Bear in Mind: • Autonomy and Voice • Connection, meaning and personal value; empowered with autonomy and voice. Success is attained with cultural trust, steeped in the business' values and goals. • The most effective way to grant meaningful autonomy and voice is to impart the business’ values (and perhaps the business’ goals and vision). This means that each person begins to develop “sensory-perception” of the boundaries of the autonomy that they are granted – business-acumen, if you like -- and can more easily attain business-acumen as a result of the reactions, feedback and appreciation they get towards their work and ideas (especially in the context of being able to reflect on the values). Over time this has a positive and exponential effect -- contributing to the snowball effect which is enhanced by culture.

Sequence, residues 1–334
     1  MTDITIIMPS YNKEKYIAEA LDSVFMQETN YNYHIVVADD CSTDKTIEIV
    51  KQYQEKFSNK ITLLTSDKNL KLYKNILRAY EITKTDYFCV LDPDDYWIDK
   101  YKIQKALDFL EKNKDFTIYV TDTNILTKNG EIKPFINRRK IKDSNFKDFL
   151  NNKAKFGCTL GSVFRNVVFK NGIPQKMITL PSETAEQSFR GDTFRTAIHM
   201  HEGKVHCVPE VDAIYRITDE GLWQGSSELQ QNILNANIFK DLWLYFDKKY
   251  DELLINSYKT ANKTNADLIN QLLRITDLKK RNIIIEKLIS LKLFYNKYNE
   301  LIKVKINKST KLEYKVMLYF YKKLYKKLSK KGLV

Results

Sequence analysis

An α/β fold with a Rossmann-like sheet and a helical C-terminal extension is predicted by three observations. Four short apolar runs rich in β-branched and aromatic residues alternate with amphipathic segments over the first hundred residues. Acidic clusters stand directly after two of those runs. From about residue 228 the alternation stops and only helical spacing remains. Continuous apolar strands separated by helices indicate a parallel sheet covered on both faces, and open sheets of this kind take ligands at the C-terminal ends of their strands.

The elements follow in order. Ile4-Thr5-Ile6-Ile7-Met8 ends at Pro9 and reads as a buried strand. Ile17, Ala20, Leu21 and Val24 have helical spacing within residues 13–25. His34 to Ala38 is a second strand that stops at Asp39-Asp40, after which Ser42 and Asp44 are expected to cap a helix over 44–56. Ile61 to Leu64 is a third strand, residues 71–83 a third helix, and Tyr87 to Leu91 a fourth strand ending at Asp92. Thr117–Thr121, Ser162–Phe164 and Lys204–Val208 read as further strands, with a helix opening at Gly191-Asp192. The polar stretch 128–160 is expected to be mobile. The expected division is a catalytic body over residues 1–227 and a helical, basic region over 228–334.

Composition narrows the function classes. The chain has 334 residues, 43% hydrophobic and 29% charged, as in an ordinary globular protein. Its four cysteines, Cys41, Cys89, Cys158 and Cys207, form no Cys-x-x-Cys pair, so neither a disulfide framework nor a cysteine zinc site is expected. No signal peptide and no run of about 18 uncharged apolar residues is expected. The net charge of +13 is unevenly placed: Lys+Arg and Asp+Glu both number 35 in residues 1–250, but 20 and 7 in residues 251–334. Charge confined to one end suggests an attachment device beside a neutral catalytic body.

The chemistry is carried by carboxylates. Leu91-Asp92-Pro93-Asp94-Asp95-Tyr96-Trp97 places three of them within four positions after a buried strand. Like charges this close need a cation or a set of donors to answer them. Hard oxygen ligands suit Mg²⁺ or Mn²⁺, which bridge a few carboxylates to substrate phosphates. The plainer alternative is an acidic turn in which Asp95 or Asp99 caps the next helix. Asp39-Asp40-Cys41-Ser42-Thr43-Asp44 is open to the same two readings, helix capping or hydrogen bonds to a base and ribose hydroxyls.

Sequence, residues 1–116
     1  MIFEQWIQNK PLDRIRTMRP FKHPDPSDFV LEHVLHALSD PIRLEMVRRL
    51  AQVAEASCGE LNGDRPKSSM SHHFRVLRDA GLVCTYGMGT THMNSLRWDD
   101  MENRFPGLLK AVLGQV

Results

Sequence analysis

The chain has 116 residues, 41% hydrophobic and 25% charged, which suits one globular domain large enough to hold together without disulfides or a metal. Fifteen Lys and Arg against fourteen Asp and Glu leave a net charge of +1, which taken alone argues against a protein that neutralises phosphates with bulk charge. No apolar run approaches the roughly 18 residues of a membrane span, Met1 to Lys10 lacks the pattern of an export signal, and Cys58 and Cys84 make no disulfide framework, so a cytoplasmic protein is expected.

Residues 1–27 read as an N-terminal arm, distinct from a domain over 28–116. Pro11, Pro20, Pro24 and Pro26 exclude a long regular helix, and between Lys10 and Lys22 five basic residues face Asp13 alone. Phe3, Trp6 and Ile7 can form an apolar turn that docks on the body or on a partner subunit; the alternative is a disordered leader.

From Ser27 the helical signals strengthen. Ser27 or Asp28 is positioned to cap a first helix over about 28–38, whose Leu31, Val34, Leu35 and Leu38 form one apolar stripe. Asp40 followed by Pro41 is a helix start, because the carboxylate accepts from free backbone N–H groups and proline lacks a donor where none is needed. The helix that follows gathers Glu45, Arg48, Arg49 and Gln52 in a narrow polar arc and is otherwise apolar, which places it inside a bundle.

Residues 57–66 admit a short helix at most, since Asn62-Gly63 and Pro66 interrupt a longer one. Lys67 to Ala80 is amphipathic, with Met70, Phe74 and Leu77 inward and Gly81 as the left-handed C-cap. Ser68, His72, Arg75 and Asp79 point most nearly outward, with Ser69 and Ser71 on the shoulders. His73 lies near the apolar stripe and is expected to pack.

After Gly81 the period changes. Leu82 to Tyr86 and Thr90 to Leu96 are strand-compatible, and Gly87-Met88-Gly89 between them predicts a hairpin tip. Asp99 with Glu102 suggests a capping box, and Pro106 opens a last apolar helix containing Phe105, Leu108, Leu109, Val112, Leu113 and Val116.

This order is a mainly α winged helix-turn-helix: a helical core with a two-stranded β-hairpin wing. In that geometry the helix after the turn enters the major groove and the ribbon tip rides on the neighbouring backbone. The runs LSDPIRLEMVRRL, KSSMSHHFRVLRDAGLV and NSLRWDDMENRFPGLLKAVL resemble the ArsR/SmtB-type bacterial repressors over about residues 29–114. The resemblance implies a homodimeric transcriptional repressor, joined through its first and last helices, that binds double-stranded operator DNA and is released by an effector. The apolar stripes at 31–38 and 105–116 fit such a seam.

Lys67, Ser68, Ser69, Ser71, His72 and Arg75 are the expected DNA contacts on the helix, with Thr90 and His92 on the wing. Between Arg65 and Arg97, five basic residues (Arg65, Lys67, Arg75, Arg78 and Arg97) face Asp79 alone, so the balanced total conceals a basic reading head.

Bear in Mind: • Facilitation • The magic-ingredient, vital within the best employee engagement program, is facilitation -- day-to-day facilitation of projects, communication, business acumen, teamwork and personal growth. • Employee engagement 101 -- and second-only to culture – this is a deeper subject than it might appear on the surface. Get this right and the culture will be further enlightened with this facilitation. Contributing to the snowball effect that we’ve already set in motion with autonomy and business values. Contemplate and brainstorm the idea of managers as facilitators. Think about staffs’ personal-growth and business-acumen. How can a manager recognise and develop each individuals full potential in a personally effective way and in a way which is potentially useful for the business too, even if it doesn’t relate to their immediate role and responsibilities?... Also research managers at Google and Zappos.